Eva Hankenssen is a mechanical engineer and a designer and racer of e-motorcycles. Photo by Mark Smith.

Q&A: Eva Håkansson, motorcycle engineer and speed racer


Eva Håkansson is a mechanical engineer based in Tokoroa, who chases her passion for building electric motorcycles from scratch and racing them to world-record-breaking speeds.

In 2014, Eva became the world’s fastest female motorcycle rider, reaching 434 km/h with her homebuilt bike, KillaJoule. She has since lost her record, but is determined to take it back and raise the bar to a whopping 600 km/h. 

How did you get into racing electric motorcycles?

It’s a genetic disorder! My father was a champion Swedish motorcycle rider and builder in the 1960s. During the first oil crisis in the 1970s, he got into electric vehicles. My interest in low-emission vehicles was sparked at university. My father suggested converting a motorcycle to electric, and I was hooked! It became the first street-legal e-bike in Sweden. When I met my husband, Bill Dubé, he encouraged me to take my interest and skill to the next level. He is a talented electric drag bike builder and racer himself. We moved to New Zealand in 2017, a decision based mainly on Kiwis embracing a move to electric transportation, as well as it being a beautiful country.

Eva Hankenssen is a mechanical engineer and motorcycle-maker.

Eva Hankenssen is a mechanical engineer and motorcycle-maker. Photo by Mark Smith.

You’ve recently returned from racing in Australia with your ‘Green Envy’ e-motorcycle. How was that?

This was the very first race for my new electric motorcycle. Due to heavy rain, the four-and-a-half-day event at Dry Lake Racers Australia’s Annual Speed Week became just two and half days. And for us, that meant just four runs, as we were sharing the track time with 200 other entrants, all itching to make a record attempt.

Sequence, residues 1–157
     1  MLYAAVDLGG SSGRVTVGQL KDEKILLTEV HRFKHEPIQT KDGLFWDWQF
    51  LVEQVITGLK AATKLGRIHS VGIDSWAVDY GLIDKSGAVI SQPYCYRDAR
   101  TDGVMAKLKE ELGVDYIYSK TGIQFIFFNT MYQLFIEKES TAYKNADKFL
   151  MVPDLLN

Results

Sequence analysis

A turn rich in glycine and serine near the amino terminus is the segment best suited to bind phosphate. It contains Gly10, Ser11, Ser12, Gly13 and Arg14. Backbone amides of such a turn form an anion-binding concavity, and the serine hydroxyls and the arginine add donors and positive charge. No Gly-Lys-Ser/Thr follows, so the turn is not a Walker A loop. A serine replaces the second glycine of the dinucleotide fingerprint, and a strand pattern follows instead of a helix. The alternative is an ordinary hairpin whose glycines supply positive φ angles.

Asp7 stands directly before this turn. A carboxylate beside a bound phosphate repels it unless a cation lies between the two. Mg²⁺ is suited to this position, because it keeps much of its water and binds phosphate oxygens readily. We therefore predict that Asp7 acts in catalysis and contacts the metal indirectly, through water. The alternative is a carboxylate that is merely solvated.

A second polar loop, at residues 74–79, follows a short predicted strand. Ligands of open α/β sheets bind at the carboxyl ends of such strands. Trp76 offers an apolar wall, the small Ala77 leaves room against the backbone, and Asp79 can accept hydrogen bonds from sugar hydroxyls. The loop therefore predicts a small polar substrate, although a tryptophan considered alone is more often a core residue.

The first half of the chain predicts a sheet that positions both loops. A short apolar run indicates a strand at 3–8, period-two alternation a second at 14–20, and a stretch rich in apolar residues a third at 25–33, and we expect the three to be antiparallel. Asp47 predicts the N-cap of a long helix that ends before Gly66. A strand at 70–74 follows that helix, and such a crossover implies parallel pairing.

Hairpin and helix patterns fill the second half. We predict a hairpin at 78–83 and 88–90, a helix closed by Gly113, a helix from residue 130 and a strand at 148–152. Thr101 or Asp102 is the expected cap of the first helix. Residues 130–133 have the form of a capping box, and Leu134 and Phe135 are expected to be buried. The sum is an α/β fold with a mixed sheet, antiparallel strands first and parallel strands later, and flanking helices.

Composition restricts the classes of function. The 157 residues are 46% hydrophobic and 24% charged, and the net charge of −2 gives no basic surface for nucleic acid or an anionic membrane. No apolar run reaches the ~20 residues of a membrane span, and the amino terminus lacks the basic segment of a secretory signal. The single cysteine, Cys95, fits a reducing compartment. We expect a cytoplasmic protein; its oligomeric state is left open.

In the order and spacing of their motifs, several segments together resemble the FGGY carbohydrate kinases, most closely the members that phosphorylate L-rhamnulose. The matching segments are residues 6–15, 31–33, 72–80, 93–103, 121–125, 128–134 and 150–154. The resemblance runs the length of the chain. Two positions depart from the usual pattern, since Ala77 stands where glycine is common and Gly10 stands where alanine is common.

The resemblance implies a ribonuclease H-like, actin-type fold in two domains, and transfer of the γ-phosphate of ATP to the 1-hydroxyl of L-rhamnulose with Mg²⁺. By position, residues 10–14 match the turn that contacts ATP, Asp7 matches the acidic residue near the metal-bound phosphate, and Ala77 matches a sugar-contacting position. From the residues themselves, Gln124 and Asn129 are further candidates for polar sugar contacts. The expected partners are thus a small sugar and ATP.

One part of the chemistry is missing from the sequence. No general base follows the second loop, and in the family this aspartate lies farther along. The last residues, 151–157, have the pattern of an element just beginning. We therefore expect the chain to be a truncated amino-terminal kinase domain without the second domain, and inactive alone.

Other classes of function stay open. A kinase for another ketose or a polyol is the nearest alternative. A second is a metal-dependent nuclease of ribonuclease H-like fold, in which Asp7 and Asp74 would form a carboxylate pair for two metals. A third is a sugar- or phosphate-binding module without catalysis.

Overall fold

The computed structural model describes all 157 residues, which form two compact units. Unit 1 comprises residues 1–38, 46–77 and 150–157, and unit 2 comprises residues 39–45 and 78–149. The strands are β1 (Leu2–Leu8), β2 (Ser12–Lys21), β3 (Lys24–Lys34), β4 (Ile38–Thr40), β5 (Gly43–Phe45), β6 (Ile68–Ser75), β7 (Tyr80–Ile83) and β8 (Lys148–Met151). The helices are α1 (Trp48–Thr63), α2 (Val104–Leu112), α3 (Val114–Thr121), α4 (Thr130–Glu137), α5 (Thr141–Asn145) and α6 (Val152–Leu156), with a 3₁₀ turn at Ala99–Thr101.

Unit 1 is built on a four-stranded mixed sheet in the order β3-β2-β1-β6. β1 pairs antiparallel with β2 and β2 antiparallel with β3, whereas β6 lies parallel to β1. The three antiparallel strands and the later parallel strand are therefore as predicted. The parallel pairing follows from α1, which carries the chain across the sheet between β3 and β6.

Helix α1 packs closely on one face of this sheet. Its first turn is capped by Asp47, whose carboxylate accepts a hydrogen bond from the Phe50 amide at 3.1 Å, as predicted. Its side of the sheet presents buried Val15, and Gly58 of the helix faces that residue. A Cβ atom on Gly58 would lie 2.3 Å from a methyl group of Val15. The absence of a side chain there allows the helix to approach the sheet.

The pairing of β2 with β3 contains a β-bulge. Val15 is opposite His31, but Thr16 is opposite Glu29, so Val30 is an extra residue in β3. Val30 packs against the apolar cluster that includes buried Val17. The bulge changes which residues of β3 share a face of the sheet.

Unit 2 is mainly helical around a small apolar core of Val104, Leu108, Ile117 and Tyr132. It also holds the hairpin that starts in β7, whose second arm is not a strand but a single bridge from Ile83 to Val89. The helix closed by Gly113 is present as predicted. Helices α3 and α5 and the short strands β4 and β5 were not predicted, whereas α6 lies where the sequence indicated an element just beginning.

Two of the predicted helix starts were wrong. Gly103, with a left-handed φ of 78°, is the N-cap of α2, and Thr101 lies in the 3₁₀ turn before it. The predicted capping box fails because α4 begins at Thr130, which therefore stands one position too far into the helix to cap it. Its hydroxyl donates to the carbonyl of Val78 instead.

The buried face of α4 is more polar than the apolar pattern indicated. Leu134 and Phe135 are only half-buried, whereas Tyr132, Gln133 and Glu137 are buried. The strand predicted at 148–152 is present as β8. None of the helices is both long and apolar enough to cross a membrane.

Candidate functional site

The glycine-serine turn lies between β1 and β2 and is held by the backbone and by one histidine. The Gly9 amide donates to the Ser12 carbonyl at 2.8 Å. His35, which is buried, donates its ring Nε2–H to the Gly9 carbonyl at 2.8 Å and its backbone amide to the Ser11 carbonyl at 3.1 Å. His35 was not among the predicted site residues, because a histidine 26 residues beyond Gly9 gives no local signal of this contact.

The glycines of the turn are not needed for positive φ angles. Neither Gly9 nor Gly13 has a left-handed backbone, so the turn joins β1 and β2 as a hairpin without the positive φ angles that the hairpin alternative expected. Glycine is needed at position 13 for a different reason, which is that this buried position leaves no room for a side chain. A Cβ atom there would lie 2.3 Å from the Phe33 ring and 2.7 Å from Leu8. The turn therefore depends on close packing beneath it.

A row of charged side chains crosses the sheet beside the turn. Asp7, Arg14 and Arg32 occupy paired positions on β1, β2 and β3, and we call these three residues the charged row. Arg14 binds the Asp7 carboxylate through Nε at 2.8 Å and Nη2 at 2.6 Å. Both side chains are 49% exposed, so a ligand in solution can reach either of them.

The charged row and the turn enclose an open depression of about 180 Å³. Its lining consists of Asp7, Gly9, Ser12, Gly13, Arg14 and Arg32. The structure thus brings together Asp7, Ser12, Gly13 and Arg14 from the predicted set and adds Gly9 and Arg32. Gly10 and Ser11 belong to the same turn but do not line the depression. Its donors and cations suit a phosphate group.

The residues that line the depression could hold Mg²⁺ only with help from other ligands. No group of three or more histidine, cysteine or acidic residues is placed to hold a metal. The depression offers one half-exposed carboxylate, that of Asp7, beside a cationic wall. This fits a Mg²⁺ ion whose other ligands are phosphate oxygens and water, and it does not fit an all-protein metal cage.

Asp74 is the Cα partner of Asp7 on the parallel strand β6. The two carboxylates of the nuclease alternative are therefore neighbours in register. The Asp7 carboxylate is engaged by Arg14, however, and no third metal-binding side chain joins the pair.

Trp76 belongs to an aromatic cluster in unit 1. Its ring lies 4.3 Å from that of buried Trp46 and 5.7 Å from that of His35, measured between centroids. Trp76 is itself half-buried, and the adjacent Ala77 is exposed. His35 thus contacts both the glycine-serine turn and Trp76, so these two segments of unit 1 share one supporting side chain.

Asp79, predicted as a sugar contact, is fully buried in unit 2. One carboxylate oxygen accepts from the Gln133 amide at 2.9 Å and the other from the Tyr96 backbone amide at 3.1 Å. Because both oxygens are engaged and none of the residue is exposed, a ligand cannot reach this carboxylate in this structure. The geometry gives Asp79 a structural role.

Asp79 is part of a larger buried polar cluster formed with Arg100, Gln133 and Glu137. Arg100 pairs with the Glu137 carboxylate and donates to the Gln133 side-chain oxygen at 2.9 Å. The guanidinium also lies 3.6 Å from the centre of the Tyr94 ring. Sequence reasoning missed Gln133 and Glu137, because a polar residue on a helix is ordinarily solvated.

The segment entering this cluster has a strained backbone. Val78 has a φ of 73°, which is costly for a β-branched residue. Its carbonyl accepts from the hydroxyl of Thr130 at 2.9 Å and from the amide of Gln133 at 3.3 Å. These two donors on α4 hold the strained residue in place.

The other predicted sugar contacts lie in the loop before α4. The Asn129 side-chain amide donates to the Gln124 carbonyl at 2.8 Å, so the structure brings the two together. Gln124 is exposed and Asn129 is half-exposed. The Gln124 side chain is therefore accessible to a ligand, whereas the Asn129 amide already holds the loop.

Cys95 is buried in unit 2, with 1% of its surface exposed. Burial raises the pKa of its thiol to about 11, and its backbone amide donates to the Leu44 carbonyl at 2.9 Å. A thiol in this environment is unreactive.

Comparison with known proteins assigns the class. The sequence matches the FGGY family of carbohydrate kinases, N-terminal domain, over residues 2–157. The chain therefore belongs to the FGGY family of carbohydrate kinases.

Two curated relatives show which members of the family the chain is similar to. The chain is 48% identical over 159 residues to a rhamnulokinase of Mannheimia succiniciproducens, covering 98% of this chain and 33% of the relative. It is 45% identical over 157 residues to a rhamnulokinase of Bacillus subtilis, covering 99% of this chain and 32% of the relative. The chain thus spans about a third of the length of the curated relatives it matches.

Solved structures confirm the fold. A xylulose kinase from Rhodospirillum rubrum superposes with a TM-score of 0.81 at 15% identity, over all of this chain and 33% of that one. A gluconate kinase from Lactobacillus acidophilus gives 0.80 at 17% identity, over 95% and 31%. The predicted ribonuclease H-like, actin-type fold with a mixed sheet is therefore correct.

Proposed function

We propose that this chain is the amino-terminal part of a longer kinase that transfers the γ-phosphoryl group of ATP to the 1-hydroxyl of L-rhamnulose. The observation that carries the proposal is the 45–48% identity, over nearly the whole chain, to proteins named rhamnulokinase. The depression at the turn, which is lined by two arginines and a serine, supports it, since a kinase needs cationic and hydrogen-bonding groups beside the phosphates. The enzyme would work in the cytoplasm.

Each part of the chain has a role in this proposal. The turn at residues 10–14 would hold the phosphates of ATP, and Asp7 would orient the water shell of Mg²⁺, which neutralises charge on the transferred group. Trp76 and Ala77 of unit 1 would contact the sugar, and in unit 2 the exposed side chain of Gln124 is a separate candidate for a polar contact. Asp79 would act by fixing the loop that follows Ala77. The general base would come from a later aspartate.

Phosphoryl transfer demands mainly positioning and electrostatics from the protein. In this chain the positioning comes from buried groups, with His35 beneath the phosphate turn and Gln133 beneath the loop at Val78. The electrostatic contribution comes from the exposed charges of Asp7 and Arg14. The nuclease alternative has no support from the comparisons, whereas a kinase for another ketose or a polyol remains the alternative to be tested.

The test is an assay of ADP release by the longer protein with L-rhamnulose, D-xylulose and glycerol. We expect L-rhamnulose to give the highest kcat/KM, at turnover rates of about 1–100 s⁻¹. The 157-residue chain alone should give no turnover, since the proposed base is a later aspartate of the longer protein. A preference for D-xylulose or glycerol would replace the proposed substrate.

Because it is a brand-new vehicle, I was required to start at a low speed of 200km/h and increase the speed in steps. Everything went to plan until the last day, when glitches appeared in the throttle, preventing me from giving it full power. We reached 301km/h – about halfway to our goal. But setting world speed records is a marathon, not a sprint. We are delighted with how things went. Our small but very talented team did a fabulous job; the conditions can be very harsh in the Australian outback. 

Can you tell us a bit more about Green Envy?

The Green Envy looks like a rocket or an aeroplane without wings. It has almost 1,000 horsepower, and you sit inside it. The concept is simple – battery, motor, and some power electronics – basically a giant cordless drill with wheels. It has four motors and four throttles – all mechanically connected. The battery is 400 volts and 20 kilowatt-hours. The battery weighs about 350kg, and the motors and motor controllers a combined 250kg. The entire vehicle is quite a beast at 1,200kg. Weight doesn’t really matter in land-speed racing – it is all about aerodynamics! The frame is high-strength steel for safety, and the outer shell combines aluminium, composites and 3D printing.

Eva Hankensson

Despite winning multiple speed records, Eva Hankenssen doesn't describe herself as an adrenaline junkie, she just loves building and designing stuff. Photo by Mark Smith.

What drives your desire for racing?

It may be hard to believe, but for me, it’s not just about speed. I’m not an adrenaline junkie, but I love building and designing stuff.

Speed is such a simple and beautiful metric that everybody can understand. My racing is the ultimate platform for showing that being eco-friendly is far from boring.

I want to show people about sustainable technology, and speed is a great way to demonstrate the potential of battery power. And, I must admit, setting world records in a vehicle you built and ride yourself is certainly a high!